Military Officer Promotions

major-oak-leafResponding to my post on the Pentagon’s findings that Fort Hood shooter Hasan’s supervisors didn’t do their job, Bernard Finel observes:

A major challenge, though, is that there is a strong element of “social promotion” nowadays. Whereas promotion to O-4 (Major) used to be in the 80% range, now over 95% of eligible O-3s get the bump. It was 97% in 2008. I don’t have 2009 numbers in front of me. Given that he was in psychiatry, there was basically almost no oversight of a guy like him.

Without a real forcing function, like a real decision about getting a command or getting a competitive promotion, you simply can’t expect any organization to develop powerful oversight and vetting procedures.

Bernard rightly points out, too, that “an unintended consequence of Iraq/Afghanistan. We’re so desperate to keep people in that we’ve weakened weeding out mechanisms throughout the process. We recruit people we wouldn’t have in the past. We don’t wash out as many from basic. We social promote up to O-4. We’re now in a situation where an officer can get to O-5 just by sticking around.”

It’s a problem I’ve noted many times over the years.  For officers commissioned in Year Group 1988, as I was, the promotion rates to major and lieutenant colonel were substantially higher than they were for captain.  That’s because we were caught in the post-Cold War drawdown and they made a huge hit at that decision point and the Army has been struggling to keep its head above water ever since.

The Army has had a shortage of majors for years.  Once someone is commissioned, they’re pretty much on the hook for eight years because of Stop Loss.   So, the time to get out is as a senior captain.  Otherwise, once you pin on major (somewhere around the 10-year mark, currently) you might as well stay in the 20 years it takes to earn a retirement pension.  So, for the first time ever, the Army has been offering retention bonuses to officers in ordinary fields.

While this may be “unintended,” it’s certainly not unexpected.  It’s simply the nature of an all-volunteer force.   During wartime, we need more people at a time when the demands of service are much greater.  That means standards will be lowered and incentives will be raised for wars of long duration, with some adjustment for what’s going on in the civilian economy.  It’s always been that way and always will unless we go back to a draft, which I oppose for a variety of reasons I’ve articulated elsewhere.

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James Joyner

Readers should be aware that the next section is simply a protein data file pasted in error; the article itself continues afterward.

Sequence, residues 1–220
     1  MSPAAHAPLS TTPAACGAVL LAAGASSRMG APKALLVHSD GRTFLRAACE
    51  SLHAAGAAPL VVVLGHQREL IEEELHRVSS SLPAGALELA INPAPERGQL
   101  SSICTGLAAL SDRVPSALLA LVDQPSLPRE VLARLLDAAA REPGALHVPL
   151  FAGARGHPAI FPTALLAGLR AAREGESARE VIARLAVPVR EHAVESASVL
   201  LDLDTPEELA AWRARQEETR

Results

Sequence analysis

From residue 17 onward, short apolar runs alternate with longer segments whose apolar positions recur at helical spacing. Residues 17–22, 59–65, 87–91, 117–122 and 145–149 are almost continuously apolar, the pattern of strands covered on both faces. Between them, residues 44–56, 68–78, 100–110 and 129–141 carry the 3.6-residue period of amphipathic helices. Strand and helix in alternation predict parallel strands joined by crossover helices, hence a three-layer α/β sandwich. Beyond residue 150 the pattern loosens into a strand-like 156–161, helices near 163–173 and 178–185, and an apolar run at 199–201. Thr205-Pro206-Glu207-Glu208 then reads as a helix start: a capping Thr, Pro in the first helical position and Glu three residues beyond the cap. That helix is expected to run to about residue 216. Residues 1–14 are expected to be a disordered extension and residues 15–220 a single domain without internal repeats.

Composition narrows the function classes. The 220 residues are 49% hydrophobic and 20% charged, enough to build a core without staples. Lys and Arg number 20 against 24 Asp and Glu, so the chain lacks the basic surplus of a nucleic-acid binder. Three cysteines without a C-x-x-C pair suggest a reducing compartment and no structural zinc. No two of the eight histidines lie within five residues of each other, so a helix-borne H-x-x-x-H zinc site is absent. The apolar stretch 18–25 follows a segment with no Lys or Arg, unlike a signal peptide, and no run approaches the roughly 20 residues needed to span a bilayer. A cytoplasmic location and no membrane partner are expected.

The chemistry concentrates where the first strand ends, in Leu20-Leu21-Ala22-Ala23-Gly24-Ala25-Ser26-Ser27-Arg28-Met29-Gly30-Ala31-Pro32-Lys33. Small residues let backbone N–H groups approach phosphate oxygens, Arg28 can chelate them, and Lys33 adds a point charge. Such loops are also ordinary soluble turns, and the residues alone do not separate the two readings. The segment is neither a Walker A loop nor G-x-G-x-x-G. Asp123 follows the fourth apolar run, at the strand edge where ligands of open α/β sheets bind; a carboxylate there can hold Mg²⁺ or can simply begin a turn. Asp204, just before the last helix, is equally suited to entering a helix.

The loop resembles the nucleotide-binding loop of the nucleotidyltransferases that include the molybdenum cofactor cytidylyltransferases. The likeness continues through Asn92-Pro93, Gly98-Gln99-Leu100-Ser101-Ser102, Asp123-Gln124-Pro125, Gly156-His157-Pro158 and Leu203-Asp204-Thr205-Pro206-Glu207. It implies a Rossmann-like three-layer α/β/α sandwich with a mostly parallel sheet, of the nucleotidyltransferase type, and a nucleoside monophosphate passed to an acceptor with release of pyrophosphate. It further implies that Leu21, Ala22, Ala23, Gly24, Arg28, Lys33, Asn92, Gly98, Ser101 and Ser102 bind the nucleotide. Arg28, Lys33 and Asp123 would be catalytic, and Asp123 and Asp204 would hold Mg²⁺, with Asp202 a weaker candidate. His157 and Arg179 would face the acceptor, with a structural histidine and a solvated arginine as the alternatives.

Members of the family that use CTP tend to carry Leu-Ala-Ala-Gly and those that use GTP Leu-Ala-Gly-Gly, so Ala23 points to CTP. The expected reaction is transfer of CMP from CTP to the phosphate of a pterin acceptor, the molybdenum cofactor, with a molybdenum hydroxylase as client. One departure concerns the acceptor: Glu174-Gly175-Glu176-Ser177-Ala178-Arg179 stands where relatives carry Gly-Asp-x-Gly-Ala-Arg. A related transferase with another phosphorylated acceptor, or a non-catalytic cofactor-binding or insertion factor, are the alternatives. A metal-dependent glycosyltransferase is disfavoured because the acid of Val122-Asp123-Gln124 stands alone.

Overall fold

About James Joyner
James Joyner is Professor and Department Head of Security Studies at Marine Corps University's Command and Staff College and a nonresident senior fellow at the Scowcroft Center for Strategy and Security at the Atlantic Council. He's a former Army officer and Desert Storm vet. Views expressed here are his own. Follow James on Twitter @DrJJoyner.


  1. DC_Loser says:

    I received my commission in the USAF in 1983, one of the largest yeargroups in that era. We took a huge hit when the peace dividend was cashed in. I estimate that the promotion rate to O-4 in my yeargroup (for non-rated officers) was on the order of 30-40%. Most of the ones I worked with either took the separation incentive or were passed over. There is flipside to this phenomenon.

  2. yetanotherjohn says:

    I look forward to the day that ‘excessive retention’ is our biggest problem. When the war tempo slows down, there will no doubt be a huge reduction in those who otherwise would not have been promoted.
    It would also be instructive to look at total promotion/retention rates. If 20% quit and 100% are promotes, you still have 80% retention. It is just that your selection criteria have been removed from your hands.

  3. James Joyner says:

    There is flipside to this phenomenon.

    Yup. We ironically have our best force during peacetime. Especially if it’s hard to get a job on the outside. Then, standards are high and waivers are non-existent.

    Come wartime, it’s take what you can get.

  4. A Lt. Col. here at Ft Campbell told me last fall the the selection rate to LTC was running more than 90 percent.